Updated: Dec 29, 2020
Oh the dreaded cervical exam... One of the more universally annoying parts of the late pregnancy doctor visits is the cervical checks. No one is a fan. Get into labor, and it's even MORE annoying. But as we women do, we suck it up and deal, "because we have to". But what if I told you that you don't *have* to have cervical checks? Let's get started by talking about what a cervix even is and why we check them.... Your cervix is the opening between the womb and birth canal (ie. Uterus and Vagina). During pregnancy, your cervix is thick, high, and closed tight to protect your baby. Some people would describe it as feeling similar to the cartilage at the tip of your nose. However, as your body prepares to birth, the cervix becomes softer, thinner, and begins to open. Providers will often do an internal exam using their fingers to measure the cervical opening diameter (dilation), thinness (effacement) and baby's station (location in pelvis). A lot of people do get excited for a cervical check, don't get me wrong. It can be exciting to hear if your cervix is dilated or effaced at all. But knowing that data doesn't actually mean ANYTHING in the majority of situations. Your Cervix Is Not A Crystal Ball. A closed and tight cervix does not mean you won't go into labor any minute. An open and soft cervix does not mean you will go into labor any minute. It is important to maintain open communication with your provider and determine if a cervical exam is medically necessary or just "preferred". In a healthy, low risk, term pregnancy, a cervical exam is not typically medically necessary. The data from a cervical exam can be useful when discussing options for medical induction (we call this the Bishop's Score)
During labor, a cervical exam can be helpful in deciding if you are ready to be admitted to the hospital. Cervical data can also be helpful when determining if you want to utilize pain medications. If your baby seems to be in a "funky" position, your provider can sometimes better determine position by feeling your baby's head during a cervical check. But, as with everything, it is ultimately your decision to proceed with cervical checks or not. So in order to make an informed decision, you need to know the Benefits and Risks!
Benefits of Cervical Checks
Data could be helpful if you need to make a decision
Could help understand baby's position
May be encouraging to hear how much progress you have made with all of your hard work
Risks of Cervical Checks
Increased Risk of infection, especially if waters are broken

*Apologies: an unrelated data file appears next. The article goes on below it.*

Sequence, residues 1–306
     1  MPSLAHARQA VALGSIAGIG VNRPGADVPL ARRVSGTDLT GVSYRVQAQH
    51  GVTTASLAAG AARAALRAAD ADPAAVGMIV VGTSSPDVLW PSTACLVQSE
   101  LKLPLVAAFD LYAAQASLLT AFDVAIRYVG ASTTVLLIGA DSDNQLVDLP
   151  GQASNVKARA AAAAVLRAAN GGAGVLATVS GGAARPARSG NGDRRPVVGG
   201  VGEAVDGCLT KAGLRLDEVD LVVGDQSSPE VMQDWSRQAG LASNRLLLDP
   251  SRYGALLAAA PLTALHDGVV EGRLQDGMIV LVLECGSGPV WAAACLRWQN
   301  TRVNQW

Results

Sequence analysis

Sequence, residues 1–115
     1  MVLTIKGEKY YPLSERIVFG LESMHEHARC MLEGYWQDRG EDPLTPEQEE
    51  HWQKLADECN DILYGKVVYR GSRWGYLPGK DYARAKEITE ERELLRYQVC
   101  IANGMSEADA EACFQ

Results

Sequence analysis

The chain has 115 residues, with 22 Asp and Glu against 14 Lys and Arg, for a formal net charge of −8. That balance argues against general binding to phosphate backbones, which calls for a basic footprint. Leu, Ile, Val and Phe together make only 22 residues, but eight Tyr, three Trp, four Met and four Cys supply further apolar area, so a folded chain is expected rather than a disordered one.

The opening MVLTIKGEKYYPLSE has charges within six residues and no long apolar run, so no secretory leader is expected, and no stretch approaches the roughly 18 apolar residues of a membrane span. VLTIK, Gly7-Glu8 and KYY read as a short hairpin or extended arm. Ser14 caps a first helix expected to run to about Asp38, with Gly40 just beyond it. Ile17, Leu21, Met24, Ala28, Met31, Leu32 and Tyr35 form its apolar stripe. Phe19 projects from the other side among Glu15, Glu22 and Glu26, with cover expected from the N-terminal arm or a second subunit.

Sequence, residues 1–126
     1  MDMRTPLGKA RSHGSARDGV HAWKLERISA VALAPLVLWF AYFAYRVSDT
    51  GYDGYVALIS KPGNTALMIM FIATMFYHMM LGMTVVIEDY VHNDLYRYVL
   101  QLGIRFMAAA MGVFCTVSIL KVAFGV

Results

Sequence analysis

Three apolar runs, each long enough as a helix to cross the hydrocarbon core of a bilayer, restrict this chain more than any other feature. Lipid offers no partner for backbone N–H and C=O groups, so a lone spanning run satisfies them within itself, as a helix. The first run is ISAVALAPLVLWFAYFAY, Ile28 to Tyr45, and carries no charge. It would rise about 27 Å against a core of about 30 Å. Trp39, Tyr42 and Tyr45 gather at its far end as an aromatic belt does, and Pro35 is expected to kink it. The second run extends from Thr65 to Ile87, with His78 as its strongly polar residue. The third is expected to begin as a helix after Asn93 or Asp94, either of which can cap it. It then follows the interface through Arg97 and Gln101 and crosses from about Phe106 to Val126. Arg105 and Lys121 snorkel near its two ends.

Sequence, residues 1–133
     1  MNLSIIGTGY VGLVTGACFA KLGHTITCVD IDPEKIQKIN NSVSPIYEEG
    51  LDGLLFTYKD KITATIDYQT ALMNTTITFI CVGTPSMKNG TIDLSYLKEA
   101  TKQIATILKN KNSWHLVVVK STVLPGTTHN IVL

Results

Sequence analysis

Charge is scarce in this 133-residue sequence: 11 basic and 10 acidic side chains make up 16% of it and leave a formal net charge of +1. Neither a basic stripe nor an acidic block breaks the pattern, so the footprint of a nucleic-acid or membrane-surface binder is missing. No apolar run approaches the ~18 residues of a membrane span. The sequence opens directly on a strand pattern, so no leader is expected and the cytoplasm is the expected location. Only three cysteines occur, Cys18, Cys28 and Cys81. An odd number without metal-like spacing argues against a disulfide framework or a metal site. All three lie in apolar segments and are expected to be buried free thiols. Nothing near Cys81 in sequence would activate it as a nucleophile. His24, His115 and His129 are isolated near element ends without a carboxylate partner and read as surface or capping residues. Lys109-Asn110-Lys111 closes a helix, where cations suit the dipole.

Accidentally breaking your water
Could be discouraging if you haven't progressed as much as you had hoped after lots of hard work
Things to consider
If you have a history of sexual trauma, how would cervical exams make you feel during this vulnerable time?
Cervical exams can trigger bleeding and contractions. This is typically not considered dangerous, however it is important information to be aware of. If you're coping really well with labor, how will you feel getting a routine cervical check
What if you've been laboring "in the zone" for hours and get a cervical check and your provider discloses that after all your hard work you're "only" 3 centimeters, when you were hoping to be 9 centimeters?
How often will your provider want to check your cervix during pregnancy? During labor?
Cervical dilation does not happen at a specific "pace". Some people could dilate from 0cm to 10cm in 2 hours, while others could take 4 hours to get from 2cm to 4cm.
Being 10cm dilated does NOT mean it is necessarily time to push. How would you feel if you were instructed to expend energy pushing when your baby and body may not be ready?
Questions for your provider:
How would you feel if I declined a cervical exam during pregnancy?
What would happen if I declined a cervical exam during labor?
As always, remember, you are in the driver's seat. You can make the decisions about what happens to your body during pregnancy and birth. Talk to your provider about your wishes and concerns during pregnancy to avoid any frustrating or unnecessary conversations during labor. Don't forget to practice thinking with your BRAIN (Benefits, Risks, Alternatives, Intuition, Now/Never)
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As always the information in this blog is intended for information and education purposes only. This information is intended to be used as a starting point for more research and discussion with your provider. This is not intended for medical purposes. Please direct all questions and concerns to your healthcare provider.
Jaimie Zaki, owner of Little Bear Services, LLC is a Birth Photographer, Labor Doula, & IBCLC serving families in South Jersey and Central New Jersey. Mother of three, military wife, and lover of coffee, Jaimie enthusiastically supports hospital and home births in Burlington County, Camden County, Mercer County, Atlantic County, Ocean County in New Jersey. If you reside outside of this service area, there are online courses and virtual support packages available! Jaimie is excited to serve your family! Learn more about Jaimie and the services she offers!
Keywords: Cervical Exams, Cervical Check, Cervical Dilation, Cervical Effacement, Cervical Position, Labor Support, Pregnancy Support, Cervical Exams in Pregnancy, Cervical Checks during Labor, Birth Plan, Childbirth Education, Informed Consent, Should I get a cervical check? What are the risks of cervical exams?